6. Get training
    Often, training is the first line item slashed when funds are tight. However, we believe training can offer significant benefits. Here's what we recommend:

    1. Train the trainer
      Take your most senior technicians, send them to external classes, and let them develop and teach the internal training that brings the diverse groups together. Classes should be slated once a week and include brown bag lunches. There should be homework assignments after each session.

    2. There are several ways to establish simple and inexpensive programs that bring legacy and Unix/PC people together. One that we recommend might be called: "Get acquainted with the hardware." This could be a one-day session where you spend the first part of the day understanding these new Unix servers. In the afternoon, pair up your developers and computer operations staff (supporting both legacy and Unix) and have them take apart the hardware and put it back together again. It's both a great team-building program and an excellent technical learning experience.

    3. Make your support staff (both legacy and client/server) streamline your production environment by looking at all your current processes and developing scripts to automate the infrastructure. It's another great team-building exercise and a way to foster communication. Proper in-house (hands-on) training programs are important in instilling and promoting communication between different IT organizations.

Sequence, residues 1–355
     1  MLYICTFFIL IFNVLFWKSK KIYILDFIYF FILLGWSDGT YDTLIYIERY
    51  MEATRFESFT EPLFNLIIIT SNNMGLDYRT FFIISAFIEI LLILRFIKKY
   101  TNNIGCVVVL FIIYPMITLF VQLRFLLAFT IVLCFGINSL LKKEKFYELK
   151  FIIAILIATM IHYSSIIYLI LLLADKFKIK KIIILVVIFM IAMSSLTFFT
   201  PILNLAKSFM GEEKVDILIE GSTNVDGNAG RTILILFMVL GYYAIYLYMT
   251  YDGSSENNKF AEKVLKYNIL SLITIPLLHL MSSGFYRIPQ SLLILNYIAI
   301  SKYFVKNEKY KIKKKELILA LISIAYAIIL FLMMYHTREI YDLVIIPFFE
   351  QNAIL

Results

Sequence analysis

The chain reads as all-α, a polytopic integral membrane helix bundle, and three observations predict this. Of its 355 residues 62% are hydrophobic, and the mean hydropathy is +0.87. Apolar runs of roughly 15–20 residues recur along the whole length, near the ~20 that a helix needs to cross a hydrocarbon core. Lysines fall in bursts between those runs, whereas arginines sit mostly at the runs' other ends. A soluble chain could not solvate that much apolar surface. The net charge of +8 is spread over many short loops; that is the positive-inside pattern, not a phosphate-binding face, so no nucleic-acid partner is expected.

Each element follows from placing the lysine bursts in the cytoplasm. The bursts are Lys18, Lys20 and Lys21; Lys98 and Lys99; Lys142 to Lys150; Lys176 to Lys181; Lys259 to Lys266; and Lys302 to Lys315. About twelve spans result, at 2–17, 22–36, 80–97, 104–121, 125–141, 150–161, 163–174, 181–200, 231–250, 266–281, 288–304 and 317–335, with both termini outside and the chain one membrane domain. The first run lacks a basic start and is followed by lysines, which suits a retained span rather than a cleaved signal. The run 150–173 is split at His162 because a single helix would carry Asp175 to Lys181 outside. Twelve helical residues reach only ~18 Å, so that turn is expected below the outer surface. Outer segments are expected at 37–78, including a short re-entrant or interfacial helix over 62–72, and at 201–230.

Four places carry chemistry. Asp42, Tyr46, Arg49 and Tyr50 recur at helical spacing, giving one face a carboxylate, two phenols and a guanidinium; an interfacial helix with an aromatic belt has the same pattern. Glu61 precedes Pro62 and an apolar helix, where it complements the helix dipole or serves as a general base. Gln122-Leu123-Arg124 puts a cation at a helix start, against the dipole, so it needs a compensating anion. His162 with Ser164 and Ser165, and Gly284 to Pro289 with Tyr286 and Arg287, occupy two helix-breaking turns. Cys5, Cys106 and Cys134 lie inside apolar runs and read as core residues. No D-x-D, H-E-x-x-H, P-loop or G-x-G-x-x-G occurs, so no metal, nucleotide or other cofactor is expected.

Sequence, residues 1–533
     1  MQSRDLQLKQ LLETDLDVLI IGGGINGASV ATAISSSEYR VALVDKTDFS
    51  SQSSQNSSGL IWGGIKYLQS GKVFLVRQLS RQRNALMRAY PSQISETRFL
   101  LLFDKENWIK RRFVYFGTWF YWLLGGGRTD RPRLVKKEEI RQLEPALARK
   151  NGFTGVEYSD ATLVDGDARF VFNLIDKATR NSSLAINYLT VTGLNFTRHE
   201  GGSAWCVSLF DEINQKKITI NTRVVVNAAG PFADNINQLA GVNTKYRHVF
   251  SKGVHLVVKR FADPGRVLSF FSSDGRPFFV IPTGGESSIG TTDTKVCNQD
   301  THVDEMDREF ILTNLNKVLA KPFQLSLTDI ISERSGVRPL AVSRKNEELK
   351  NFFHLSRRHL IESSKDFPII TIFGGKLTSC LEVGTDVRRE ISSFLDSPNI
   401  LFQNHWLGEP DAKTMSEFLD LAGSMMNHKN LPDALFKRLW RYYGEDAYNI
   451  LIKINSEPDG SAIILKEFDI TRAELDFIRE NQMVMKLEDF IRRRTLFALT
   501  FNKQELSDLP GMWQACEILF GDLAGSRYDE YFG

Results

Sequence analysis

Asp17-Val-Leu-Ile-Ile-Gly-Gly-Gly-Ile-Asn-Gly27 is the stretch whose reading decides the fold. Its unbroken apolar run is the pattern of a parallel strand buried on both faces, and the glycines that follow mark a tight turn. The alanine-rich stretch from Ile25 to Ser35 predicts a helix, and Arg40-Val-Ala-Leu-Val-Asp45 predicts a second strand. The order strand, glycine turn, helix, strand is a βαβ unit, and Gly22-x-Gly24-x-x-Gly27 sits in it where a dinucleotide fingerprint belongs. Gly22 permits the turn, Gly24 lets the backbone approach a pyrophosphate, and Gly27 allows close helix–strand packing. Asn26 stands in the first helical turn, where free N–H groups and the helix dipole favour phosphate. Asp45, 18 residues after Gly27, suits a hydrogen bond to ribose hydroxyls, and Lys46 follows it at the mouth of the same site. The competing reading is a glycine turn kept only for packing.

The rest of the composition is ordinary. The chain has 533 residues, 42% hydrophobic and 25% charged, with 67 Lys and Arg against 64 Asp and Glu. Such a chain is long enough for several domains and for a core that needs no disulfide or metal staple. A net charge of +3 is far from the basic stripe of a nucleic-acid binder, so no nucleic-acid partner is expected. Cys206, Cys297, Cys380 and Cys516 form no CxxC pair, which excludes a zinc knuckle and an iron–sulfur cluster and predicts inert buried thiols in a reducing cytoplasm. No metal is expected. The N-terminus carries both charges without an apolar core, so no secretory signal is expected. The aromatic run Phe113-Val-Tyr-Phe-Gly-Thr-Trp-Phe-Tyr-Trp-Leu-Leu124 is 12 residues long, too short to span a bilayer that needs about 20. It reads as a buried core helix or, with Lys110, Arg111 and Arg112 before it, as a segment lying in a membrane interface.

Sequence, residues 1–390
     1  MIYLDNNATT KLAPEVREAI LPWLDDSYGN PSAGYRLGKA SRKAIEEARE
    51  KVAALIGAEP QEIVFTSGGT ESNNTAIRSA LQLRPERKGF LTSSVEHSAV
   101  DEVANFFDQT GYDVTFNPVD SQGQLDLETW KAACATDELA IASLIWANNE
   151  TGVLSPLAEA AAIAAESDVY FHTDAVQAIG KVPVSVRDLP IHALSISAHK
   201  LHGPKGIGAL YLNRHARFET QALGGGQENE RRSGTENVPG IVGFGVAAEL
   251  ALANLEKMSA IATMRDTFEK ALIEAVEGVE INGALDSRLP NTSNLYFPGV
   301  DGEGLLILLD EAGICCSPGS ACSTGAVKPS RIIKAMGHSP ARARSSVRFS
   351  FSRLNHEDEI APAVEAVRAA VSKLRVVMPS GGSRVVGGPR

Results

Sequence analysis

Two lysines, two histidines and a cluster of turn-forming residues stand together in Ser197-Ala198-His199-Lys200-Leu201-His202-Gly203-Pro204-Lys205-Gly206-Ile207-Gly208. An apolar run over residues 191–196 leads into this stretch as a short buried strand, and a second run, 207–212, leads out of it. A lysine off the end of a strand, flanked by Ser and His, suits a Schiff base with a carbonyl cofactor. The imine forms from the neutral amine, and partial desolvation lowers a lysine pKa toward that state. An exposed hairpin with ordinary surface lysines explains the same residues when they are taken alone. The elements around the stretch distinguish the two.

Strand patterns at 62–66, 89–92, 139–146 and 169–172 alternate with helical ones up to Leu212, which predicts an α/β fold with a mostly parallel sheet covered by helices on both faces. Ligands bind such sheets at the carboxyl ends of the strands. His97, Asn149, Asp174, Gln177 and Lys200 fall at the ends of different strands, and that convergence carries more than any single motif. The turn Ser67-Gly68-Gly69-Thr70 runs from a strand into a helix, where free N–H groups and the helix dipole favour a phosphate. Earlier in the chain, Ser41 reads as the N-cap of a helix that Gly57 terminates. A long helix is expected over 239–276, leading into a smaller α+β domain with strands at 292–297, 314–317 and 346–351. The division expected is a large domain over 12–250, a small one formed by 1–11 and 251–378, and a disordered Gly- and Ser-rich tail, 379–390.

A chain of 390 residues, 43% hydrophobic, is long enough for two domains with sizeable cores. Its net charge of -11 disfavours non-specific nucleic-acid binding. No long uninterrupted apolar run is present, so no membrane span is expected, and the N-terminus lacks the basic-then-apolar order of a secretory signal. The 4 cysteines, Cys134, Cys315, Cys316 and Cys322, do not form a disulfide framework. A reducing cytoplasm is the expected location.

Harris Kern ( is Sun's Open Systems Migration Consultant for NAAFO Market Development. Randy Johnson ( owns R&H Associates, a full-time rightsizing consultancy in Boulder Creek, CA. R&H Associates helps people worldwide in implementing and supporting client/server infrastructures based on their proven methodologies. © 1996 Harris Kern and Randy Johnson. All rights reserved.

Pick up a copy of their book Rightsizing The New Enterprise: The Proof Not the Hype, SunSoft Press/PTR Prentice Hall, ISBN 0-13-132184-6, or their new book Managing The New Enterprise: The Proof Not the Hype by Kern, Johnson, Hawkins, Law, and Kennedy, SunSoft Press/PTR Prentice Hall, ISBN 0-13-231184-4. Browse SunSoft Press offerings at: